A discrete approach for modeling degraded elastic fibers in aortic dissection

Malte Rolf-Pissarczyk, Kewei Li, D. Fleischmann, Gerhard Holzapfel

Research output: Contribution to journalArticlepeer-review


The initiation and propagation of aortic dissection have not yet been fully elucidated. An essential role is attributed to the degradation of inter-lamellar elastic fibers in the aortic media which causes a significant lowering of the radial strength. Inter-lamellar elastic fibers are aligned radially and contribute mainly to the cohesion of the lamellar units in the aortic media. Computational studies that consider these pathological findings during aortic dissection are rare. In this study, we propose a constitutive model which incorporates the degeneration of inter-lamellar elastic fibers. For this purpose, the recently introduced discrete fiber dispersion model is applied to include symmetrically dispersed inter-lamellar elastic fibers in a strain–energy function. Damaged or degraded elastic fibers are excluded from the strain–energy function by introducing a degradation parameter. Subsequently, the proposed model is implemented in a finite element program and verified with two representative numerical examples, uniaxial extension and simple shear. An aortic dissection geometry with two distinct layers, motivated from patient data, is then created to study the influence of degraded radially-directed elastic fibers on the stress distribution in an aortic dissection. In summary, the presented constitutive model is able to capture the degradation of inter-lamellar elastic fibers during aortic dissection. Moreover, the finite element analysis results of the patient-data motivated geometry suggest a possible mechanism triggering the dissection propagation.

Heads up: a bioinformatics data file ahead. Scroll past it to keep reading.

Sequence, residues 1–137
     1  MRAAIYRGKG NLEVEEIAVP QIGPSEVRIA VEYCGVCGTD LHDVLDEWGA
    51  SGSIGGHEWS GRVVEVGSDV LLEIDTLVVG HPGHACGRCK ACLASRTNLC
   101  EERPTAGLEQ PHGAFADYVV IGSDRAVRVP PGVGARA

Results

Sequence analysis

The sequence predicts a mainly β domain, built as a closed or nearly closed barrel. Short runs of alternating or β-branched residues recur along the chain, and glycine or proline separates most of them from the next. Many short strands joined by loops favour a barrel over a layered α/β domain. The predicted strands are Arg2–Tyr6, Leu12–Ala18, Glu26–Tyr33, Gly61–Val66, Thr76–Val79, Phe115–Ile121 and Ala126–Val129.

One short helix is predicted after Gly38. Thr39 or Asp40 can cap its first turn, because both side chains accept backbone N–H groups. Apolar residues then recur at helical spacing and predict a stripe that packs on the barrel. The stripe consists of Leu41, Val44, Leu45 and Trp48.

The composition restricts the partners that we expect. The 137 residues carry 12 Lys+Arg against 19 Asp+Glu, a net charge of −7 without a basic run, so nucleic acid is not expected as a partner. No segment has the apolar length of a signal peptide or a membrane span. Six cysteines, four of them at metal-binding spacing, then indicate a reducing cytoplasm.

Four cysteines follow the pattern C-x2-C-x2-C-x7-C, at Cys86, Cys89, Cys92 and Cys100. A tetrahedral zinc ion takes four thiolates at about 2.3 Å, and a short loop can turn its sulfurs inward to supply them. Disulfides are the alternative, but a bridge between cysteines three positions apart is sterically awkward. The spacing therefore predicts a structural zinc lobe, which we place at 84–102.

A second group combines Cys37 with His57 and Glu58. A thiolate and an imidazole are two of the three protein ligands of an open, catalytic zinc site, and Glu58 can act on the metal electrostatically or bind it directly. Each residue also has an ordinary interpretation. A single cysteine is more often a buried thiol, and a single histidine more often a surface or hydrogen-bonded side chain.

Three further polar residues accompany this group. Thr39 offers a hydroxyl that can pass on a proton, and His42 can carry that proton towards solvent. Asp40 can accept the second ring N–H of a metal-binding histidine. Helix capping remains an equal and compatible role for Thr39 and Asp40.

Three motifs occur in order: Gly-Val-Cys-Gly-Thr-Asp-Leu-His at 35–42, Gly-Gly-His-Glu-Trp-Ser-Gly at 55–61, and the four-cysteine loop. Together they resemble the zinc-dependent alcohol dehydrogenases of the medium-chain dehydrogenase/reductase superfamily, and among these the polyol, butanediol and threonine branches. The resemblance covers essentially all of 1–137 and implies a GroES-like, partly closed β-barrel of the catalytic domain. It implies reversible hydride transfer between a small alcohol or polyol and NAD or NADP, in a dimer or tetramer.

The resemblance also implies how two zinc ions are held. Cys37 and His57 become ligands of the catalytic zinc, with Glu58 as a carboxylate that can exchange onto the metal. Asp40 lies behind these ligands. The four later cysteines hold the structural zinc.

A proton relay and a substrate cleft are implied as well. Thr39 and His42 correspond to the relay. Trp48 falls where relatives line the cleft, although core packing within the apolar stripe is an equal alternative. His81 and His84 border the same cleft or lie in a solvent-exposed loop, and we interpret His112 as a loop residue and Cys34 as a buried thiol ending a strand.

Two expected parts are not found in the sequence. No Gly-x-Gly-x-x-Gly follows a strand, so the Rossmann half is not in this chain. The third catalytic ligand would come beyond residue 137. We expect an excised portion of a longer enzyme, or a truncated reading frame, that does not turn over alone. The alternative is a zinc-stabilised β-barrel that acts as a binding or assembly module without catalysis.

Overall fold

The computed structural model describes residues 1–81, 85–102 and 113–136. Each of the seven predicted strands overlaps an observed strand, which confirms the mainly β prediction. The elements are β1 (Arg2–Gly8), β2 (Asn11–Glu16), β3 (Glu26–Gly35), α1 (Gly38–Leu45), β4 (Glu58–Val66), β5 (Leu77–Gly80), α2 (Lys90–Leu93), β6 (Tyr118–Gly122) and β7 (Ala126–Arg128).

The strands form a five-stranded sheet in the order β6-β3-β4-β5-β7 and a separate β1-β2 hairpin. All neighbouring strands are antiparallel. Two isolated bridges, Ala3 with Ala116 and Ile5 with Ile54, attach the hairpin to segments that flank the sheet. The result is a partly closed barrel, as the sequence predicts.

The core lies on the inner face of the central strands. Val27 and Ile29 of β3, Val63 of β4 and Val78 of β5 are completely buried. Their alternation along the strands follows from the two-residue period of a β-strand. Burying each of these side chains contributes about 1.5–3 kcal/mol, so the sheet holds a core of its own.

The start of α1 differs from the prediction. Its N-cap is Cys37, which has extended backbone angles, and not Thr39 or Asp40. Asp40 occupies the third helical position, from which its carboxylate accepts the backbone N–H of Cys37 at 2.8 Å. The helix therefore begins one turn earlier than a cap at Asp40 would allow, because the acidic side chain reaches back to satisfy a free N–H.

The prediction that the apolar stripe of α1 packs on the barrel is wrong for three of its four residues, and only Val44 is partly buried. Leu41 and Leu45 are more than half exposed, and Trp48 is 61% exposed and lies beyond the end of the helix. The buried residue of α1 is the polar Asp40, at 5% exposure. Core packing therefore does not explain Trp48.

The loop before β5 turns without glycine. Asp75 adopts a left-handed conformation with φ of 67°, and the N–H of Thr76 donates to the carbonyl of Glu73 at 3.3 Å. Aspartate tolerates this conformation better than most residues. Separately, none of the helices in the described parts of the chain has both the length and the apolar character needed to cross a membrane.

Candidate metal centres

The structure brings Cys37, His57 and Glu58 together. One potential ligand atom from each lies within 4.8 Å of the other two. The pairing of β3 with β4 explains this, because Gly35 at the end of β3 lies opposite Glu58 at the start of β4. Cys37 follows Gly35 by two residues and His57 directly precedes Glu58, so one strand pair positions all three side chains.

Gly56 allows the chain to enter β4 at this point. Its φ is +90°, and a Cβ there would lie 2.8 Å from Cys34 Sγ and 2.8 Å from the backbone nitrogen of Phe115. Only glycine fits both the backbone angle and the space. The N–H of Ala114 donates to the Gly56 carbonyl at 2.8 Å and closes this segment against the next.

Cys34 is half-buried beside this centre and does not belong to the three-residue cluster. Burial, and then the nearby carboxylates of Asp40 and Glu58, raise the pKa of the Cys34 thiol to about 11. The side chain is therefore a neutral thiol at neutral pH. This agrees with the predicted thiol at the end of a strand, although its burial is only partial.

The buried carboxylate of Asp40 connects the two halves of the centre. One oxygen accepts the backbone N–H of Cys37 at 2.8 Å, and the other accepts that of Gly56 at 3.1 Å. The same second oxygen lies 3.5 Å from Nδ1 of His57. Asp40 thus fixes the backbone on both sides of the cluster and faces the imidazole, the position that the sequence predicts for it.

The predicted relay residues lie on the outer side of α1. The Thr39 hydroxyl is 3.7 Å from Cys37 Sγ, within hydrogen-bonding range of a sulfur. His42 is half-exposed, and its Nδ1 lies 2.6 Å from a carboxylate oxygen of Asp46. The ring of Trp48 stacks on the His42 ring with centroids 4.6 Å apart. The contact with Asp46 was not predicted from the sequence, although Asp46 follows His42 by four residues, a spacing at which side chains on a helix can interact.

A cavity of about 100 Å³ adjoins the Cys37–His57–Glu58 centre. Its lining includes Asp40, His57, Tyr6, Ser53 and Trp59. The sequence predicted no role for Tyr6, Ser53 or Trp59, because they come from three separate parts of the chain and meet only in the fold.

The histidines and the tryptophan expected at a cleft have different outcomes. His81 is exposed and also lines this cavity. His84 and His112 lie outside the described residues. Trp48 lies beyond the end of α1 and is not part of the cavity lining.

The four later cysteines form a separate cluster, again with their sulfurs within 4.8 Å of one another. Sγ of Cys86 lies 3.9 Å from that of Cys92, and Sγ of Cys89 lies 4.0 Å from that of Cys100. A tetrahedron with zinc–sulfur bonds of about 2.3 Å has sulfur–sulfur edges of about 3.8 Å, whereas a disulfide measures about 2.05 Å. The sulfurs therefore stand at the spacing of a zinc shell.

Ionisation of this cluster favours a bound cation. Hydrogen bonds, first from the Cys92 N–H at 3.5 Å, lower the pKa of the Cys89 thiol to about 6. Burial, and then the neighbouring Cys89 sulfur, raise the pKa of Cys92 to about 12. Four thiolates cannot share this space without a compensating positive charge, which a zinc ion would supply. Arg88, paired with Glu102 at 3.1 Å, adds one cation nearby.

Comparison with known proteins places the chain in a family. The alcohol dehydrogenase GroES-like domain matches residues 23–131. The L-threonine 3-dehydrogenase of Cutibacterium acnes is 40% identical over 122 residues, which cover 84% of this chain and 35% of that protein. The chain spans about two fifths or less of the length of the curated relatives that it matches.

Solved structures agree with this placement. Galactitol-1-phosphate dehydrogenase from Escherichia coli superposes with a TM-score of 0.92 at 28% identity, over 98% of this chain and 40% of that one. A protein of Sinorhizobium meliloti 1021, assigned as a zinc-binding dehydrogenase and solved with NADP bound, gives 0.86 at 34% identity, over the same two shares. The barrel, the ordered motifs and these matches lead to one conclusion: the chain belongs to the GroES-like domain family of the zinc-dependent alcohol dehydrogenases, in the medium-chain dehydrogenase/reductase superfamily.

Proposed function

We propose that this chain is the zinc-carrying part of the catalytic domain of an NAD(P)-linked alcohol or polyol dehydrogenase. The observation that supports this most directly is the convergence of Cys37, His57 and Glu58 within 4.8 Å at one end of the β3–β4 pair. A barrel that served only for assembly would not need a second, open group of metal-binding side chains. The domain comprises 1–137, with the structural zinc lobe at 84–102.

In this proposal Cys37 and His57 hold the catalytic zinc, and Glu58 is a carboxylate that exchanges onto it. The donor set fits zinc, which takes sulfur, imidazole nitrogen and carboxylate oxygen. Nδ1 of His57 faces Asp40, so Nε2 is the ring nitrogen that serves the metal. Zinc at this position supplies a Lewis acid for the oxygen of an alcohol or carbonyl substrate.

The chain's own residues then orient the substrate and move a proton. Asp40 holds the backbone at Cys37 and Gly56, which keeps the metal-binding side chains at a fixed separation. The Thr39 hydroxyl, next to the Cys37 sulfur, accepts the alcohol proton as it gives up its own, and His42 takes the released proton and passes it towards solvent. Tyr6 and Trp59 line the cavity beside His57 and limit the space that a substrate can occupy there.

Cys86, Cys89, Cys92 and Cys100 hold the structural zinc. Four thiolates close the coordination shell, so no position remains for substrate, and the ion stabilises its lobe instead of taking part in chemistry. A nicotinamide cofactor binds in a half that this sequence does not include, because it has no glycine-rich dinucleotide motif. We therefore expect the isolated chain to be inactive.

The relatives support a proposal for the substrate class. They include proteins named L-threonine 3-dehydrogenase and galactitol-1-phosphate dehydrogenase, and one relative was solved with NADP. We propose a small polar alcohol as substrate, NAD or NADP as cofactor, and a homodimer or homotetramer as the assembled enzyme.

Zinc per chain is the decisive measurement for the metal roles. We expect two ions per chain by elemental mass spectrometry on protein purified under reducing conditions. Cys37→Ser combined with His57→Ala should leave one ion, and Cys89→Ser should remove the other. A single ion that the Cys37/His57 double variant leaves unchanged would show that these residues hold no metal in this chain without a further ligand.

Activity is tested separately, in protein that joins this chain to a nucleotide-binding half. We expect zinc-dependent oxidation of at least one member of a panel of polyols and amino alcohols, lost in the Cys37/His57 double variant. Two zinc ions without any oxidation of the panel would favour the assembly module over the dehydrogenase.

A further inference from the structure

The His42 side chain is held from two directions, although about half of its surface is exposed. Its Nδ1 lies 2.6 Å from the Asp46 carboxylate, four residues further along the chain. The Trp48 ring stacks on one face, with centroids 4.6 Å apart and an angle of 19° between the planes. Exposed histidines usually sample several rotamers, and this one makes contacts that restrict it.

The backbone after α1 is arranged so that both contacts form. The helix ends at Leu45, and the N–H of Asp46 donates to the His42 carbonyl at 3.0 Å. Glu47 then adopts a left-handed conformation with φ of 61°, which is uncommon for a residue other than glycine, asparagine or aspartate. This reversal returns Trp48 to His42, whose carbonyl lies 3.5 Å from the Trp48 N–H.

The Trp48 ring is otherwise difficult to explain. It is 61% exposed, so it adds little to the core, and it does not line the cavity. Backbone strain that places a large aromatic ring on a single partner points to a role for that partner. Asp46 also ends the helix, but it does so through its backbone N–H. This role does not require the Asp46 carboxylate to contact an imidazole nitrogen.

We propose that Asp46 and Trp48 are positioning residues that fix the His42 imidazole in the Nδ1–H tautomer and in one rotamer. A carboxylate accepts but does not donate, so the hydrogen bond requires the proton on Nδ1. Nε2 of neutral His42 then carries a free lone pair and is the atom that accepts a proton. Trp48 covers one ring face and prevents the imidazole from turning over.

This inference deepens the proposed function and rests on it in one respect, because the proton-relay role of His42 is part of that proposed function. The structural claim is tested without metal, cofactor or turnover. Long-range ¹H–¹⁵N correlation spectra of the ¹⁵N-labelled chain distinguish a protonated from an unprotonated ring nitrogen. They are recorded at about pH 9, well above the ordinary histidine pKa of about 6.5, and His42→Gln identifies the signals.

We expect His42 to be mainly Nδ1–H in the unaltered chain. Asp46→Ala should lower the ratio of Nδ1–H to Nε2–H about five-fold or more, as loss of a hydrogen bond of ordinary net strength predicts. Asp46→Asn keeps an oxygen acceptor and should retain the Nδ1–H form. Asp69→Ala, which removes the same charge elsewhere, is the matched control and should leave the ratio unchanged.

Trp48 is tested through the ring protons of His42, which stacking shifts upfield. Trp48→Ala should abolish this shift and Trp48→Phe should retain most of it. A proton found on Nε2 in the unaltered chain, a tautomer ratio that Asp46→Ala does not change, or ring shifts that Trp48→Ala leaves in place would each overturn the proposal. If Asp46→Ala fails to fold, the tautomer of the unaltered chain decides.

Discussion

Original languageEnglish
Article number113511
JournalComputer Methods in Applied Mechanics and Engineering
Issue number373
Publication statusPublished - 1 Jan 2021


  • Aortic dissection
  • Constitutive modeling
  • Discrete fiber dispersion model
  • Elastic fibers
  • Fibrous tissue
  • Finite element analysis

ASJC Scopus subject areas

  • Mechanics of Materials
  • Mechanical Engineering
  • Physics and Astronomy(all)
  • Computer Science Applications
  • Computational Mechanics


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